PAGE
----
BRAZIL (Reuters) - They look harmless enough, but these guppies are the latest weapon in Brazil's all out war on the Zika virus.
The fish feed off the larvae of the Aedes mosquitos that transmit Zika, and officials are using them to help stop the disease from spreading.
Rio de Janeiro municipal health worker Fabio Freitas says the guppies are being deployed in stagnant pools and hard to reach areas. "The advantage of using the fish is that there is a large area that we are unable to treat, and the fish take care of the larva," he said.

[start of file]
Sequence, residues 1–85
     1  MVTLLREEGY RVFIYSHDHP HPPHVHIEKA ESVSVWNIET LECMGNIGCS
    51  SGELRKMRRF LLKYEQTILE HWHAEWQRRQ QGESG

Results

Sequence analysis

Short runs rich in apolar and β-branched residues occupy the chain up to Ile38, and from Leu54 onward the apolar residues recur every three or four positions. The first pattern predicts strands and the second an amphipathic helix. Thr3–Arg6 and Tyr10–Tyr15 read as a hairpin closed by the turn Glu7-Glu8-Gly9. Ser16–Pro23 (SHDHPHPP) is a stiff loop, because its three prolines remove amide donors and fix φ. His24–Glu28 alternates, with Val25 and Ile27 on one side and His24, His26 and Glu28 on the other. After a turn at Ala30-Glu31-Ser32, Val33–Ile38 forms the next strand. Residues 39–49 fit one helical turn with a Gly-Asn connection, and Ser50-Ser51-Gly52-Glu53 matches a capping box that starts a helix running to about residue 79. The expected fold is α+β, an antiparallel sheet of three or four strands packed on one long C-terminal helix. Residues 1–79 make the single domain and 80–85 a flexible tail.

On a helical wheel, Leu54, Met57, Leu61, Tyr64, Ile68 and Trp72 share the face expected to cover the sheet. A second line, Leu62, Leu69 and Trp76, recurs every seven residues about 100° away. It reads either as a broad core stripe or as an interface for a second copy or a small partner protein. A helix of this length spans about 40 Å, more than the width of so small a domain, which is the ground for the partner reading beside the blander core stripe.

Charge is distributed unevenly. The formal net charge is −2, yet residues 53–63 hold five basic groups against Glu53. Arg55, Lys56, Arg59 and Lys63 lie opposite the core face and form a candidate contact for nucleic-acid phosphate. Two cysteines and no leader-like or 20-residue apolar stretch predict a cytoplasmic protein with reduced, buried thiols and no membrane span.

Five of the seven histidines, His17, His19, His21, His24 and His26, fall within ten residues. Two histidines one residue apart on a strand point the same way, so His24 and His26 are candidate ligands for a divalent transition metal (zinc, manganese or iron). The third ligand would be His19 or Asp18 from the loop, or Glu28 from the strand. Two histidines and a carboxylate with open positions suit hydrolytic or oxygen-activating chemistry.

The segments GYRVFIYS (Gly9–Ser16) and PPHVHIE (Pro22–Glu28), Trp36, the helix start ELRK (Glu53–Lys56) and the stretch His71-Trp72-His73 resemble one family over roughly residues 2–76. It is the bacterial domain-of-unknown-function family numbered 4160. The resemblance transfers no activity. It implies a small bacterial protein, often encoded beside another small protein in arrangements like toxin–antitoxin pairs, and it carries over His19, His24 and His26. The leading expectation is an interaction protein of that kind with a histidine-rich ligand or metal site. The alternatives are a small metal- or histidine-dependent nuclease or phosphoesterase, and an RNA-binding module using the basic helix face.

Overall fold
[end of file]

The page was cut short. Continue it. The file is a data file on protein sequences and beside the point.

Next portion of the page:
The need to kill the mosquitos has become urgent in Brazil.
The Zika virus has been linked to birth defects in babies.
Authorities suspect that Zika is responsible for at least 4,400 cases of microcephaly, a condition marked by abnormally small head size that can result in developmental problems.
Guppies have been used throughout the world as a natural method to control outbreaks of other mosquito-borne diseases such as malaria.
"The fish is very resilient, it lives in places where there is a lot of sewerage, a lot of organic material, where other species of fish would not survive," said Mr Freitas.
With millions of people at risk as Zika spreads across the Americas, health officials will need every ally they can get to stop the virus, which still has no treatment or vaccine.